While nuclear negotiations between Iran and the West have yet to yield a final result, a senior Iranian lawmaker says Tehran’s choice to buy its required high-enriched uranium is a sign of ‘good will’.
Speaking to Iran’s Student News Agency (ISNA) on Saturday, Rapporteur of the Parliament (Majlis) National Security and Foreign Policy Commission Kazem Jalali said while Iran is capable of producing its needed uranium enriched to a level of 20 percent, Tehran has put forward a request to buy the needed fuel.
“Given that Iran is capable of enriching uranium to a level more than 5 percent inside the country, it could well take a step to produce the fuel for its Tehran [research] reactor,” Jalali said.
However, he explained, Iran views an option to buy the fuel as the best choice for obtaining its required nuclear fuel.
“As we have mentioned in a letter to the [International Atomic Energy] Agency (IAEA) we want to buy the fuel from countries that possess nuclear fuel,” the Iranian official said, adding that “This request is a sign of Iran’s good will.”
The remarks come after Iran’s Foreign Minister Manouchehr Mottaki made an official statement on Wednesday about a proposal put forward to the Tehran government by major powers in Geneva on October 19. The proposal suggests that Iran sends the bulk of its low-enriched uranium (LEU) stockpile out of the country in exchange for metal fuel rods for its Tehran medical research reactor.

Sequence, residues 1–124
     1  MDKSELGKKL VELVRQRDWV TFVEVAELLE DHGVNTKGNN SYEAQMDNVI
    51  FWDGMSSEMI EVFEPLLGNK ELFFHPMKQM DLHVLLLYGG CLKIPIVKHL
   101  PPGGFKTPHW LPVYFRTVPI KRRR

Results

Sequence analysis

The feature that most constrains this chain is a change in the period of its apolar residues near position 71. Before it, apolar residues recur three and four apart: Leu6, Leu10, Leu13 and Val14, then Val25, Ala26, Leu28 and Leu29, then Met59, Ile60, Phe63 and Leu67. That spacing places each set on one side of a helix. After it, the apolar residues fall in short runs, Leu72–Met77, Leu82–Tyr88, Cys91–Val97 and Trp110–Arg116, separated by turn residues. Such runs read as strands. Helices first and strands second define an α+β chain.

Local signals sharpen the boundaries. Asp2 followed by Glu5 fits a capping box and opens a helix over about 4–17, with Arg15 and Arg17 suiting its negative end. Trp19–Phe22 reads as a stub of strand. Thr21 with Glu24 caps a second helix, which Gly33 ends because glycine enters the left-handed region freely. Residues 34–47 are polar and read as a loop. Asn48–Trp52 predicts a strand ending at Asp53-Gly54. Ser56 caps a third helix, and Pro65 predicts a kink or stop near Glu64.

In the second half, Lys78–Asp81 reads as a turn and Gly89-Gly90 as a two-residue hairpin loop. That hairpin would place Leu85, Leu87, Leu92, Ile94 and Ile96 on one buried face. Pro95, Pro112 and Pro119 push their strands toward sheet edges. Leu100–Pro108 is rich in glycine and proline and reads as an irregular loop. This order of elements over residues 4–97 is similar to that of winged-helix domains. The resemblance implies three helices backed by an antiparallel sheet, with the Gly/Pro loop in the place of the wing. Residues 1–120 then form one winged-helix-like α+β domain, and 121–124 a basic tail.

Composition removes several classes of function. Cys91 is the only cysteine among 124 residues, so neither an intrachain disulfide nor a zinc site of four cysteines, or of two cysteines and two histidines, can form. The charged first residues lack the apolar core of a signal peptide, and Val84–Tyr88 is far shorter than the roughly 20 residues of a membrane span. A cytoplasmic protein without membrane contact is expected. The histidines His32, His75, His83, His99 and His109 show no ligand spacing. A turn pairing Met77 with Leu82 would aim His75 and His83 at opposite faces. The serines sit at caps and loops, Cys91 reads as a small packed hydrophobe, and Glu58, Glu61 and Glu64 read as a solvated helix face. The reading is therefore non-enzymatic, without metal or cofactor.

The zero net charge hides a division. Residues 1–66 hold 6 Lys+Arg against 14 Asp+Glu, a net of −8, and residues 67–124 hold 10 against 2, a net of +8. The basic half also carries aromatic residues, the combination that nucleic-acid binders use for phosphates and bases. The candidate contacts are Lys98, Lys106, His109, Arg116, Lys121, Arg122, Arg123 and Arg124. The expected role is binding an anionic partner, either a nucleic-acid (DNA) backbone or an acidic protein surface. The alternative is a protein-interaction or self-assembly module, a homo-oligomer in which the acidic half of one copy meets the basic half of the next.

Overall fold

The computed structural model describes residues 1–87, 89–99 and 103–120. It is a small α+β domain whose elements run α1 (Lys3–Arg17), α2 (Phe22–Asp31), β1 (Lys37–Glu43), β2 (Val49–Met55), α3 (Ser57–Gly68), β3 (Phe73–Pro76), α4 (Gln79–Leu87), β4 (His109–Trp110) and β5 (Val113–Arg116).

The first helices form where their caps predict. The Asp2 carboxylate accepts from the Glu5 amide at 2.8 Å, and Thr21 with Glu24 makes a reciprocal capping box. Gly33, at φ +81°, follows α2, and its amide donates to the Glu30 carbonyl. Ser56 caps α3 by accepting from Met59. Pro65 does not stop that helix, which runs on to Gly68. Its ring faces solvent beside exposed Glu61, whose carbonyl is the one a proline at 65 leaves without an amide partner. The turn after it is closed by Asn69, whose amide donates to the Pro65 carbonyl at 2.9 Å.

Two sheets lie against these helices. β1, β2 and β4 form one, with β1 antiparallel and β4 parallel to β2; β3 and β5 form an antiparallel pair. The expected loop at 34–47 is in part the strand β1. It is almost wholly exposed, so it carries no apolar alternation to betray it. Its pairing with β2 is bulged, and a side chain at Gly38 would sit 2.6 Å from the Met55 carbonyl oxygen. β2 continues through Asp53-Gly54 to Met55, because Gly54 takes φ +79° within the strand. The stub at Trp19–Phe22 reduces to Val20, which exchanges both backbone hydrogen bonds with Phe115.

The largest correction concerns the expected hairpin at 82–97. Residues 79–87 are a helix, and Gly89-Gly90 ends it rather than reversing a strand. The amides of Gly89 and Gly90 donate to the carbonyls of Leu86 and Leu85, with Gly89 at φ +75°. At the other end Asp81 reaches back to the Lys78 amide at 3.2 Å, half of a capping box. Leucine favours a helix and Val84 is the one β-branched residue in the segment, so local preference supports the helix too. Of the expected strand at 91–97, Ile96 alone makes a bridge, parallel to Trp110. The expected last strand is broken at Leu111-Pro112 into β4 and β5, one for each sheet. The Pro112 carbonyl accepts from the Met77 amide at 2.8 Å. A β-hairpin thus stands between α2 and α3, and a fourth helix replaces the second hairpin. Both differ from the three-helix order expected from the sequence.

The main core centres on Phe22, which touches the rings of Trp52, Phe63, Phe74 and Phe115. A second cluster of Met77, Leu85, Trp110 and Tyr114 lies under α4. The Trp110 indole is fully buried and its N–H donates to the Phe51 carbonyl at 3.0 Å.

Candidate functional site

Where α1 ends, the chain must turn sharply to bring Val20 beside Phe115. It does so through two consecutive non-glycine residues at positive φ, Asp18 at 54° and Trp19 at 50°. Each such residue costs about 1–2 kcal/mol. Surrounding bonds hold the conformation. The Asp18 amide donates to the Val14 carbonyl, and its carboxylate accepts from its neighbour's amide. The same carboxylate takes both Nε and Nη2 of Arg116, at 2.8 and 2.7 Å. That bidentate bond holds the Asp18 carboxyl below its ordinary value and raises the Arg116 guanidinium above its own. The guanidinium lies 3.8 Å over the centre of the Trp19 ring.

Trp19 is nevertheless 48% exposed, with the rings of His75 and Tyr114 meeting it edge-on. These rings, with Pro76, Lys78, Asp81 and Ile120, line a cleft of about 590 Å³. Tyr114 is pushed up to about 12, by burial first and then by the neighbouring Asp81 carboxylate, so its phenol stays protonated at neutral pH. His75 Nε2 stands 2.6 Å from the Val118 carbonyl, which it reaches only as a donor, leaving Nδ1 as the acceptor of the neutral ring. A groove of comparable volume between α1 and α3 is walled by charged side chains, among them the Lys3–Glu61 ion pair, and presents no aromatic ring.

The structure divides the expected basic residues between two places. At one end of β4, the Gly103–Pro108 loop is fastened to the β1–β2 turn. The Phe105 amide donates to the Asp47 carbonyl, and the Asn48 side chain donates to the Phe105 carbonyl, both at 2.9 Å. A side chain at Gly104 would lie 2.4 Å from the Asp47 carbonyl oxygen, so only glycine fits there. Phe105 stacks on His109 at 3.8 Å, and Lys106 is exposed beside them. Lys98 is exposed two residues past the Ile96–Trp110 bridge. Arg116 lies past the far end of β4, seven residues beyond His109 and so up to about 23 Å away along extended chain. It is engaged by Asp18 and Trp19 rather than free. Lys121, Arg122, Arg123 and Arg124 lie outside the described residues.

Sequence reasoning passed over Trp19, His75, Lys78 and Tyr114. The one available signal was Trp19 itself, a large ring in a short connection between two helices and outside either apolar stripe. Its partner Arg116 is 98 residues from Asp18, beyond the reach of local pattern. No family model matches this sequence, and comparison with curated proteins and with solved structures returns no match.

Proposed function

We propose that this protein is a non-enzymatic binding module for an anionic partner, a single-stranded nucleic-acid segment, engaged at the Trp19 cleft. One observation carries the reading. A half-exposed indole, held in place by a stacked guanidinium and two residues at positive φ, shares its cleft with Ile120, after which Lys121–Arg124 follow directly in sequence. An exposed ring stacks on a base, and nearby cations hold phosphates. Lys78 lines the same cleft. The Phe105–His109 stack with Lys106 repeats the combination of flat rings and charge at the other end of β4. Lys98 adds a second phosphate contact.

Iran has said that it would accept the essential elements of the international proposal but has also sought modifications to the formula.
Mottaki explained Iran’s stance on the proposal, saying that the country’s enriched uranium supply will not be sent out of its borders in exchange for fuel rods fitted for the Tehran medical reactor.
Arguing that a guarantee for the fuel supply is the core concern for Tehran, the Iranian minister said while the Islamic Republic’s first option is to domestically enrich uranium to a level of 20 percent, its second option would be to buy the 20-percent-enriched uranium.
He added that the Tehran government would also consider an option to exchange, in a simultaneous swap, the agreed amount of its LEU with its needed fuel on its own territory.